16. Okay, I've done dilapidated abandoned tenement building and metro station tunnels, I'm now onto dilapidated abandoned department store. This is where mannequin guy gets his mannequins. It's feeling a little repetitive already, but there are some new enemies - brutes and wall-crawling weirdoes - to play with. It's introducing more supernatural stuff too, which is effectively creepy - rat-creatures scuttling through adjacent rooms into vents, one guy disappeared into thin air before my eyes and I'm also getting visions of flocks of birds crashing through windows or what the serial killer's been up to. (I think I read a few years ago that the bird stuff never gets explained, but it's still good flavour - they're flocking to certain areas then having brain haemorrhages and die, and these areas are the same that are seeing huge aggressive crime spikes. Presumably the killer and/or myself are giving off some kind of psychic signal.) I'm getting a bit better at blocking. It seems the trick is to wait til the last moment, though this doesn't always work either. I'm wondering if different enemy/weapon combos mean I have to adjust my timing slightly. If so, that's asking for a ridiculous amount of finesse. It's very satisfying when it works, though, and you block a swipe, crack them in the head, kick them to the floor then snap their neck. Combined with the 'tase 'em, steal their weapon' move, you've got a few options. Still some irritations, though, like how stealing someone's weapon causes them to grab you so you have to waggle your mouse to get loose but there's no way to tell when you've succeeded or which way you're facing, so you often end up facing away from them doing a Turner And Hooch impression like an idiot. Or how you're only able to hold one thing, so if you've got a shotgun with 4 bullets but there's one on the floor with 2 you're not able to combine the ammo, and you can't just tuck a pistol into your belt or something to tactically save it for later, you just have to use it on the first mook that comes along until the bullets run out then swap it for whatever comes to hand. The melee system is the focus of the game, so these little quirks glare more than they might in another game. I feel like I might need another game to dip into while I'm going through this, as it's not something you binge-play. The pacing is too methodical for that (not in a bad way), plus like I say there's the repetition. Seems I'm about halfway through, which suggests there won't be much more variety but not much more padding either.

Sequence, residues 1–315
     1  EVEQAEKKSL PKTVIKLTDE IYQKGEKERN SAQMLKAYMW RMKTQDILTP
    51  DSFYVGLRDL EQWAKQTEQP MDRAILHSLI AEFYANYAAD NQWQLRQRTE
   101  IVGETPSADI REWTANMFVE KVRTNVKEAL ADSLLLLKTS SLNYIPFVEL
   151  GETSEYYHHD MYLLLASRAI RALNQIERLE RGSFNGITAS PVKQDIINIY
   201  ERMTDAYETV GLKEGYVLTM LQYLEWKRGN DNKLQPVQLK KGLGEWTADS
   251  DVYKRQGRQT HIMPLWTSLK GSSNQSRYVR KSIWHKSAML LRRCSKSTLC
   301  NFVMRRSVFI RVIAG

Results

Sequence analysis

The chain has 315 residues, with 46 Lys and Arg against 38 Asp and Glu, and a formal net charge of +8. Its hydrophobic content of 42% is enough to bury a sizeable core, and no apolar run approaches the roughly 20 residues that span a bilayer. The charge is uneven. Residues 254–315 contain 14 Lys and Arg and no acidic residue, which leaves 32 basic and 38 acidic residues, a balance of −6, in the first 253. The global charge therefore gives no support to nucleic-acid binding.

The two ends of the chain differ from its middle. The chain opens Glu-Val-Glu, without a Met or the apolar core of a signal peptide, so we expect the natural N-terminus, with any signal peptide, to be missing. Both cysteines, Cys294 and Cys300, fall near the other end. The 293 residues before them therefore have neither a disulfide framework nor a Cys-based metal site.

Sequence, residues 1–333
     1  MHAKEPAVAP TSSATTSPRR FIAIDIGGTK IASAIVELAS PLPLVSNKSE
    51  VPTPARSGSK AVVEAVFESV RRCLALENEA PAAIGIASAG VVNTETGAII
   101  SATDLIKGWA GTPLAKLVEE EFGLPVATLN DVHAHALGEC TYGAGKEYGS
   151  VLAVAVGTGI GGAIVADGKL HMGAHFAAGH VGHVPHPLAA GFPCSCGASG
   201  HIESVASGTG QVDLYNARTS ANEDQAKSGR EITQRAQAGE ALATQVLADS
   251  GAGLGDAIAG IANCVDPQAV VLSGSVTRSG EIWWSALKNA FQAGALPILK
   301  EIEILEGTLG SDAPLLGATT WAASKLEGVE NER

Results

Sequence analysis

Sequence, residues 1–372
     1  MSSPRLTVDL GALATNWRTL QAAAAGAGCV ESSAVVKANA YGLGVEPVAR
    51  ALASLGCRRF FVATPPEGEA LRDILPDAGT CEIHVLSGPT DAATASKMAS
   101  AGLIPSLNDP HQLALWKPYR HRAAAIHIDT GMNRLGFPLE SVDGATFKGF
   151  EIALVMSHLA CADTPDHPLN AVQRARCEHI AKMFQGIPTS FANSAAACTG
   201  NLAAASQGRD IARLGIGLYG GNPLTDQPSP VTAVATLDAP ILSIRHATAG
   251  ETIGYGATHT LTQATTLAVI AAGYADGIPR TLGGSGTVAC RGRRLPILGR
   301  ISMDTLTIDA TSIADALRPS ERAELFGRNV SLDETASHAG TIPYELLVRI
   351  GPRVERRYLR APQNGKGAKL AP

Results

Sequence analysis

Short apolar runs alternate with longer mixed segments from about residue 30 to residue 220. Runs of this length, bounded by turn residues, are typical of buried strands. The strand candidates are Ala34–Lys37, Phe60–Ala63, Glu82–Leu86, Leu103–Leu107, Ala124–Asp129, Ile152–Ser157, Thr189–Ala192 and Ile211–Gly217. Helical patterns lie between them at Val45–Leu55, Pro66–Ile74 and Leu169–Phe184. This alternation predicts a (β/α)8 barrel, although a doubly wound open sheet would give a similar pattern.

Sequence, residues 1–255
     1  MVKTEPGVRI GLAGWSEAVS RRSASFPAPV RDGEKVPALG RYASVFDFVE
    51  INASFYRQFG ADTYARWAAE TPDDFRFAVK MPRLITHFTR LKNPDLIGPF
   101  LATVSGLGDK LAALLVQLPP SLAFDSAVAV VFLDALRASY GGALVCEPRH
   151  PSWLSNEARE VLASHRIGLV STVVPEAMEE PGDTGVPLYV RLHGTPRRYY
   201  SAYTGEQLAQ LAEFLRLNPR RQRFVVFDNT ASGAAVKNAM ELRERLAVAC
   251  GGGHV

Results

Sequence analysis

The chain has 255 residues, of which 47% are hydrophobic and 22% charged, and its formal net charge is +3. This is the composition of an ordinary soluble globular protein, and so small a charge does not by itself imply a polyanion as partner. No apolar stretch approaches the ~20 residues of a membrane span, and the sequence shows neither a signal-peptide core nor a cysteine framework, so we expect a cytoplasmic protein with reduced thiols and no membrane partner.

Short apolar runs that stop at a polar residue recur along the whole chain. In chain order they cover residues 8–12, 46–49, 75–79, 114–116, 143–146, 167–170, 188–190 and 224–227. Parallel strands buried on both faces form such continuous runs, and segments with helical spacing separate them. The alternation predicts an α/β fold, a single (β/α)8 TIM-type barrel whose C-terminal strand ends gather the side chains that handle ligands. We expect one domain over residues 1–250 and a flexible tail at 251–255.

17. Plug your shit

    Very nice. My only suggestion would be that it might be worth tweaking the colour to match related shots together. Some shots looked a touch blue too blue to me, though that might just be my own personal preference. Anyway, good job in finding a kind of story in this footage. It feels like a very natural progression.
  18. FUCK OFF SEAN CONNERY

    I'm reminded of people saying that they can't make an Uncharted film because it'd be basically an Indiana Jones rip-off, but jesus this topic is from 2007. Indiana Jones was riffing on serials that were less old than Indiana Jones is now.
  19. Movie/TV recommendations

    I think I'm still helpful: a friend of mine specialises in questionable film marathons, and the most recent one of these he put on had Zardoz, Antiviral, and R100. I don't know if I could in good conscience recommend anyone watch R100, even though it ends with an army of dominatrixes slowly advancing on a house, but Zardoz is hilariously bad and Antiviral was actually kind of interesting. All my friends are still scarred by Man-Borg, so there's something that will be memorable, if not necessarily good. (I couldn't make that weekend, and it sounds like I dodged a bullet.)
  20. Yay for a new episode! My girlfriend is bummed it’s arriving on a Sunday though, lol.
  21. Safety Town must just be a Michigan institution? I went through something called that too, which also included some fire safety drills (including a simulated house fire.)
  22. Important If True 30: The Octopus Affair

    oh hey, nice cast
  23. Same. Over the years, Thumbs has gotten more challenging in that regard for me as, despite being s video game developer, I’m definitely less generally immersed in and aware of everything going on in games, so I have to try a lot harder to maintain those connections. That said, IIT is easily the most difficult podcast I’ve ever done. (Which I know is ridiculous because it’s so stupid.) Although Thumbs being so hyper focused one one topic presents its own challenges, those limits do simplify things. With IIT, on the other hand, every topic can theoretically be connected to any other topic, which can be paralyzing. I actually have to prep a bit for IIT, which I never have for Thumbs (aside from making sure I’ve played something). The show always turns out better when we each have some ideas in mind, even though we don’t share them with each other ahead of time. Not bringing up video games isn’t a challenge because I just don’t think about it either way—if it comes up, great; if not, great. The challenge is thinking of unexpected shit across all axes as much as possible. Also same.